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Fintech breakthroughs that identify,validate and augment customer data help financial services organizations head off fraud, operate within the rules


One of the most pressing issues facing the financial services industry today is the prevailing emphasis on security and fraud prevention. Big data and analytics are leveraging the power of the Internet, but also offering big, juicy plums for hackers, credit card fraudsters, money launderers and terrorists.

 

In response, many countries including the U.S. have established Know Your Customer (KYC) requirements, intended to guide financial institutions in heading off fraudulent transactions. A key way for banks to do this is to clearly Identify legitimate banking clients and their business relationships so the bad operators become more obvious and identifiable.

 

But it can be a challenge. Legitimate customers often have multiple banking relationships with a single institution, with identifying information stored in different formats in a multitude of databases. Various family members also may be account owners, but have different names and live at different addresses, possibly even in different countries.

 

Linking all these threads together while at the same time correcting name misspellings, standardizing mailing address formats, and parsing precise geolocation IDs can be the stuff of banking compliance nightmares.

 

Not doing this due diligence, however, can be catastrophic. To be hacked and have millions syphoned out of your customers' accounts is one thing, but to have the government ready and willing to fine you for failing various KYC tests can be just as damaging. Can you say "Loss of reputation and customers?"  

 

A WORLDWIDE PROBLEM


Most notably non-compliant of late have been banks based or doing business in India, but it's a worldwide problem. A New York-based broker-dealer recently was charged with KYC violations and for negligently allowing illegal trading by one of its customers. Perhaps the highest profile case most recently was Morgan Stanley Smith Barney running afoul of a variety of KYC violations. The main charge: Morgan Stanley failed to properly identify an assortment of "red flags" that signaled illegal activity.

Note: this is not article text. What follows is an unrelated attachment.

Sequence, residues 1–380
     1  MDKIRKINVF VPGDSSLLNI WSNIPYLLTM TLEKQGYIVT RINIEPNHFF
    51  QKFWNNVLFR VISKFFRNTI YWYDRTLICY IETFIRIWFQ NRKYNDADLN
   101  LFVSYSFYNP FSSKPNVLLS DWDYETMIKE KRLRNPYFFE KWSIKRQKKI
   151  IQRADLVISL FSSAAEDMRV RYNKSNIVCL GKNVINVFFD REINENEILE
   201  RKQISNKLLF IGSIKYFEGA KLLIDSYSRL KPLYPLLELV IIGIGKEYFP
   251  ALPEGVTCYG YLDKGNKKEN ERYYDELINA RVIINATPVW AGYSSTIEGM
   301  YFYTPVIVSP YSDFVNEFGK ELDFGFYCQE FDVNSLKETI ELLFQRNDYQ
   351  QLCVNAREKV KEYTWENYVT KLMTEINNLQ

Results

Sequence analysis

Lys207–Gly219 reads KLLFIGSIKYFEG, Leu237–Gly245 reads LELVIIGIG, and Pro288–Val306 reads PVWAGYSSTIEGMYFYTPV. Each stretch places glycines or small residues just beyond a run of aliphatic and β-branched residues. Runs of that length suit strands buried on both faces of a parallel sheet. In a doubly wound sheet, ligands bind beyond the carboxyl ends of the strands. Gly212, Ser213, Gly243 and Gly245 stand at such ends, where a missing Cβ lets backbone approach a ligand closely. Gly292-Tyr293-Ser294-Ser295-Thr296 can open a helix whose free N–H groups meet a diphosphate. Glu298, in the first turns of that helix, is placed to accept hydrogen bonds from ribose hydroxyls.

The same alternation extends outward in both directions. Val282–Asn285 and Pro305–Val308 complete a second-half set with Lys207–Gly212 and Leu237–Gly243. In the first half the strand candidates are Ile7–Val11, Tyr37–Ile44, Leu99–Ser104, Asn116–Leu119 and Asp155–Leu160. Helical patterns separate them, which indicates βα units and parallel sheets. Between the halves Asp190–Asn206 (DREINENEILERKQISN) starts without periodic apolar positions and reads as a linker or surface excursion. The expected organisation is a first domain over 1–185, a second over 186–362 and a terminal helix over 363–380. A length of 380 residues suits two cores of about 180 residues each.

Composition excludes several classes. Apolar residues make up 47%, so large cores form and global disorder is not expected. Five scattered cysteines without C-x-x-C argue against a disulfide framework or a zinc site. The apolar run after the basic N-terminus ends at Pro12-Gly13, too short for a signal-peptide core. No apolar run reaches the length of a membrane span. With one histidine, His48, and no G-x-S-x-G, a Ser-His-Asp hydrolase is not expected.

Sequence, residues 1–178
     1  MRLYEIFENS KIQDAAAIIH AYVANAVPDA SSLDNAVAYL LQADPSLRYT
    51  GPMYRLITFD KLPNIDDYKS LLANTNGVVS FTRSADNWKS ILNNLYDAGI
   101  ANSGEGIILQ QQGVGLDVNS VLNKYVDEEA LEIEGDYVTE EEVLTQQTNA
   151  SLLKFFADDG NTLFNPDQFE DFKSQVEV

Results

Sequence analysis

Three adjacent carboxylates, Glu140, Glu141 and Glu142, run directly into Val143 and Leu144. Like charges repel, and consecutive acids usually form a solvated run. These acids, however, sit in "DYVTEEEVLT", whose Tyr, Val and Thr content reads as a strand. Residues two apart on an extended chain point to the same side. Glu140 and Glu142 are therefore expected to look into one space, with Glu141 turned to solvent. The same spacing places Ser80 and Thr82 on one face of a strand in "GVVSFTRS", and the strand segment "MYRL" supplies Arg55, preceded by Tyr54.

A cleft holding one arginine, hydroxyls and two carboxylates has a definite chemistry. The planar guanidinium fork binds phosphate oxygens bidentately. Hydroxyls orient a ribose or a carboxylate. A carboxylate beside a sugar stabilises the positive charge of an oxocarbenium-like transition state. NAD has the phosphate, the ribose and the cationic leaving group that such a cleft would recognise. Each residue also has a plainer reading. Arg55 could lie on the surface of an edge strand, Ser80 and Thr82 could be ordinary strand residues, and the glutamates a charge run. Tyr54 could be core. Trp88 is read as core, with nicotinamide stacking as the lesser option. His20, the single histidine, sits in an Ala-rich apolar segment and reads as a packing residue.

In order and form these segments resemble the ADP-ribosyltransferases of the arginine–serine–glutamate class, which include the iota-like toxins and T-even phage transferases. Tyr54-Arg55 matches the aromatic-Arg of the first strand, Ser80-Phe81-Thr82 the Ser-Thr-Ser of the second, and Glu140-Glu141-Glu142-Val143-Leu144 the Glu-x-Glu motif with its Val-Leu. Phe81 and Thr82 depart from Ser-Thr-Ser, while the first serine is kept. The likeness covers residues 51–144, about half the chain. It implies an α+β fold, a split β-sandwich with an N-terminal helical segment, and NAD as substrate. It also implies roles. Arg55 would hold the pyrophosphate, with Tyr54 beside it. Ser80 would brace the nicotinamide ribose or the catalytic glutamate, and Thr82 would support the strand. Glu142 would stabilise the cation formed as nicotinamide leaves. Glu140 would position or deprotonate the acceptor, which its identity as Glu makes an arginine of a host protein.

Thankfully, technological breakthroughs increasingly are offering their own solutions. Just as the digital world has enabled bad players and victimized banks worldwide, technology is fighting back with sophisticated Know Your Customer tools.

 

A big step forward is the ability to accurately verify names and addresses. In a global world without borders, technology that verifies, cleans, completes and standardizes names, addresses, phone numbers and emails, and does so globally, immensely aids the process of knowing one's customers.

 

Technologies also exist that adds in missing contact fields, finds census and area-specific statistical details, and provides precise demographic information. When banks are able to combine census and area-specific details with accurate names and addresses, they'll know pretty closely if a variant player is really a customer or a bad guy.

 

KYC guidelines are very specific about risky areas prone to scams and schemes. A wide variety of countries are identified by the U.S. State Department for being prone to ignoring money laundering, tolerating suspicious transactions, and generally lacking adequate know-your-customer requirements. Ignoring this, in fact, was one of the issues that burned Morgan Stanley, permitting criminal activities to continue unchecked.

 

While IP lookup that identifies exactly where a digital communication has come from has been around for a while, new geocoding breakthroughs are able to convert IP addresses into precise latitude and longitude coordinates around the world. Most European and international identify cards also can be verified, along with mobile phone numbers and driver's license information.

 

One of the essential elements in all this is updating customer data. It's been estimated that accurate contact information deteriorates severely and regularly, and good customers who merely move across town can confuse inadequate screening processes and raise red flags (false positives) when it shouldn't. Today there are a variety of modules banks can use to update customer information quickly and accurately.

 

The bottom line is this: Financial services institutions now have lots of new reasons to love fintech technology that mitigates KYC concerns by identifying legitimate customers, and flagging the ne'er-do-wells before they can be effective.




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